Create a Website Account - Manage notification subscriptions, save form progress and more.
No alerts at this time. Learn more
Show All Answers
The mission of Federal Emergency Management Agency (FEMA) is to support citizens and first responders to work together by building, sustaining and improving their capacity and to prepare, protect, respond to, recover from, and mitigate all hazards, such as tornadoes, floods, fires and acts of nature or terrorism. On March 1, 2003, FEMA became part of the U.S. Department of Homeland Security (DHS).
FEMA defines a floodway as a channel of a river, or other watercourse, and the adjacent land areas that must be reserved in order to discharge the base flood water without cumulatively increasing the water surface elevation more than a designated height.
FEMA defines a floodplain as a land area that is susceptible to being inundated by flood waters from any source.
As compared to a floodplain, FEMA defines a flood as a general and temporary condition of partial or complete inundation of two or more acres of normally dry land area, or two or more properties from overflow of inland waters, from unusual and rapid accumulation or runoff of surface waters from any source or from mudflow.
The flood insurance and Mitigation Administration (FIMA), a component of FEMA manages the National Flood Insurance program or NFIP. This program has three components:
By the City of Duncan participating in the NFIP it makes federally backed flood insurance available for homeowners, renters and business owners.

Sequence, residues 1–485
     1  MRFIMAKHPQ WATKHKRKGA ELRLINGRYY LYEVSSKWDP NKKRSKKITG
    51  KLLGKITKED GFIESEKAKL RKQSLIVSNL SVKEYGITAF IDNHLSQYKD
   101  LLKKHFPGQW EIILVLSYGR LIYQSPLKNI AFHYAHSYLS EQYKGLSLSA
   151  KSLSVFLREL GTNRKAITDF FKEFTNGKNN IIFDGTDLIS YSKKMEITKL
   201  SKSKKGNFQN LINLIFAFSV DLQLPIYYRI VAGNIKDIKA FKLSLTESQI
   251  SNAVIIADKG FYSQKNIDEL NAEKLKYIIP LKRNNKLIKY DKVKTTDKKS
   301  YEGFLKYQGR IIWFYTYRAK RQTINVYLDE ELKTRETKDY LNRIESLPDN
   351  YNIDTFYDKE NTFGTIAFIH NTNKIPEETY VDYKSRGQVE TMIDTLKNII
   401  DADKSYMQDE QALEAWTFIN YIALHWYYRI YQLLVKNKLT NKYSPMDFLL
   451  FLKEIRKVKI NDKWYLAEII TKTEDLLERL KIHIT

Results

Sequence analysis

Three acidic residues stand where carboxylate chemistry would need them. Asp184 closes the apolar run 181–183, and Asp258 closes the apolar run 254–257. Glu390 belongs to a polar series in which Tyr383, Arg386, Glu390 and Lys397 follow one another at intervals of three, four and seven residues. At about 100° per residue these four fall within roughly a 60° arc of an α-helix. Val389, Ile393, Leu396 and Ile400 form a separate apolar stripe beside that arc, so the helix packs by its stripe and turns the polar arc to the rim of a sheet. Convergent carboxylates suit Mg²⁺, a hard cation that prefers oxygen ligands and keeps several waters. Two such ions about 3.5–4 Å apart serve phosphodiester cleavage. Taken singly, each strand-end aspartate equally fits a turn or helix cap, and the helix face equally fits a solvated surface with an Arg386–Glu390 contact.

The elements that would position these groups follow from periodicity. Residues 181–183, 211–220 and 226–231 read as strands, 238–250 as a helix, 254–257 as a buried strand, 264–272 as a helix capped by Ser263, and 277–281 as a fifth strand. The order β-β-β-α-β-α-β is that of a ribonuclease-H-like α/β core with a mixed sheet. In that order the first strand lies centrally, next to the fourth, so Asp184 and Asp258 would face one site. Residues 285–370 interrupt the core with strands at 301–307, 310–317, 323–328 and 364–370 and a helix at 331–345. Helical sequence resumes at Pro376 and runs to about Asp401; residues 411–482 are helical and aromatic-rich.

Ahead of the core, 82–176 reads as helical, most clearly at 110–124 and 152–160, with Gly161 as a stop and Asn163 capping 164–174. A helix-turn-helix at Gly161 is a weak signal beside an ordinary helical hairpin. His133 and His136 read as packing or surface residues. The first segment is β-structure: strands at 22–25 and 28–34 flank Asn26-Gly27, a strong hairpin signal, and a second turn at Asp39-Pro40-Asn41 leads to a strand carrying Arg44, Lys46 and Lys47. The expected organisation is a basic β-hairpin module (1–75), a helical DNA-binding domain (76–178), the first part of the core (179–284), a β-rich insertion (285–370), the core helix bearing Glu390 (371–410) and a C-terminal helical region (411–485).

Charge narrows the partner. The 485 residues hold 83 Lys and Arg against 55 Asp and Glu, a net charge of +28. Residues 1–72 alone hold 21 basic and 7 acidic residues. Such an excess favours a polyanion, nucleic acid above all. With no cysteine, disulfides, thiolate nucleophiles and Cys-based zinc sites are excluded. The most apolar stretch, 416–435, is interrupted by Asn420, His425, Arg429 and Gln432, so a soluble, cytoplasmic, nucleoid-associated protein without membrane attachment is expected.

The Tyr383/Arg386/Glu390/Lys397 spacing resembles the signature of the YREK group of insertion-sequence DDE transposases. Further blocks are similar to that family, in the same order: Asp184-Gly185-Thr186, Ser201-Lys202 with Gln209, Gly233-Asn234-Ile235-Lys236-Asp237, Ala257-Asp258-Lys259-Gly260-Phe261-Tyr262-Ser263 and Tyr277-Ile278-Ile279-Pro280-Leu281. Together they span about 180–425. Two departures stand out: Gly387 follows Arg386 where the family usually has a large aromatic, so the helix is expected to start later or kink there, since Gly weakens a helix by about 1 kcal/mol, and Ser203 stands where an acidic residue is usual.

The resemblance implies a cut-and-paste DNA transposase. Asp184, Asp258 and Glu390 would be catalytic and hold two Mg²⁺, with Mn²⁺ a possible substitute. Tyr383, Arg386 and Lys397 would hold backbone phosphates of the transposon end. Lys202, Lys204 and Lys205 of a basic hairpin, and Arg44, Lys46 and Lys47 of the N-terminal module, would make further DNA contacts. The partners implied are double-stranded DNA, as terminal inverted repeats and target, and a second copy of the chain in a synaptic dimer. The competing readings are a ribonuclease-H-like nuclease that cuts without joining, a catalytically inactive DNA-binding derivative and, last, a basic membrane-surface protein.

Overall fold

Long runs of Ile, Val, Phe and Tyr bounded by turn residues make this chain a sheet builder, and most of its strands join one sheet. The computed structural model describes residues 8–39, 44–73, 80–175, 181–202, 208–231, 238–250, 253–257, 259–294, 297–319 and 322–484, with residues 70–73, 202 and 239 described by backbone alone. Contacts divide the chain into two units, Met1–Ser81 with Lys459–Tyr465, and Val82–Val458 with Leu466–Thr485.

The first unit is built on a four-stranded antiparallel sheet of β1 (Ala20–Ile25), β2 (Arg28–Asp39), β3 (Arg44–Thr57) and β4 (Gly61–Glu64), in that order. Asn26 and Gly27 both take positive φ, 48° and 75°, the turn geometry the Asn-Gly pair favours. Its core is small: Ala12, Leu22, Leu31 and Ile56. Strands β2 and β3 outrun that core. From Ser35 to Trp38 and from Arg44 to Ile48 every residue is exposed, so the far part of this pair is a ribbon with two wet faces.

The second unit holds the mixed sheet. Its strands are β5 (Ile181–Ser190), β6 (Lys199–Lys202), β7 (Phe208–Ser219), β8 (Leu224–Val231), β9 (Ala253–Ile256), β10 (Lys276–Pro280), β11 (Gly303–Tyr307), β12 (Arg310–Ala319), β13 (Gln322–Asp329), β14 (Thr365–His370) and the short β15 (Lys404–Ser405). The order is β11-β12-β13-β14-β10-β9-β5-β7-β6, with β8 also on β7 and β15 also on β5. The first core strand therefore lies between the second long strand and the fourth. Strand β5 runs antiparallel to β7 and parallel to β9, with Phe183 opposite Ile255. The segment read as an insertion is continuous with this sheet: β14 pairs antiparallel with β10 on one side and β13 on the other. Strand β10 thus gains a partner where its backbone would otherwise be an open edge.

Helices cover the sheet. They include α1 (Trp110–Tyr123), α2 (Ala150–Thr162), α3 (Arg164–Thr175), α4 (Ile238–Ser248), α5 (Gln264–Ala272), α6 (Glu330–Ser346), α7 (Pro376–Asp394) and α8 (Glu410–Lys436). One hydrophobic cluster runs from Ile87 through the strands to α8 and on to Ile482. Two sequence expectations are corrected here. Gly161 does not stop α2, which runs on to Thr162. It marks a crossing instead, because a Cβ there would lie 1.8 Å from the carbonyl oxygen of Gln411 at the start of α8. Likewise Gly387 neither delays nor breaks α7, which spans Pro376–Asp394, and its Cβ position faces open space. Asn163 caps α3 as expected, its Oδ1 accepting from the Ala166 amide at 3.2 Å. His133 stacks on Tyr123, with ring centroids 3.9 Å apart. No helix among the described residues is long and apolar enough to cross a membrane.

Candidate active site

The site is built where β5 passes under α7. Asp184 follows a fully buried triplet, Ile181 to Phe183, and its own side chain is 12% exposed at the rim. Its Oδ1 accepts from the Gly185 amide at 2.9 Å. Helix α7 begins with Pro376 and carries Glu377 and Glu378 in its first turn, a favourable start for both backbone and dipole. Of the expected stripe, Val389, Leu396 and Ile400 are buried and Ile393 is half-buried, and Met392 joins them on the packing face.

As part of its administration of the National Flood Insurance Program (NFIP), FEMA publishes flood hazard maps, called Flood Insurance Rate Maps, FIRMs. The purpose of a FIRM is to show areas that are subject to flooding and the risk associated with these flood hazards.
One of the important factors of a FIRM is a Special Flood Hazard Area (SFHA), which indicates the areas with a 1% or greater chance for flooding in any given year. These areas are also referred to as a 100-year floodplain.
Another important feature is to show the elevation of the 100-year floodplain. The floodplain elevation is called the Base Flood Elevation (BFE). BFEs are shown on FIRMS and in profile view in the Flood Insurance Study. This information is required for completing an Elevation Certificate, to flood proof a structure, and to determine a flood insurance premium.
There are flood zones throughout the City which are shown on the FIRM. These zones indicate the type of floodplains within the SFHA. The flood zones consist of Zone AE for a 100-year floodplain. Zone X for either a 500-year floodplain or an area outside the 500-year floodplain. Zone AO for overland sheet flow with depths of one to three feet, and Zone A for “non-studied” floodplains that have not determined a Base Flood Elevation.
The term 100-year flood is misleading. It is not the flood that will occur once every 100 years. Rather it is a flood that has a 1% chance of being equal to or exceeding each year. Because of this, the 100-year flood could occur more than once in a relatively short period of time.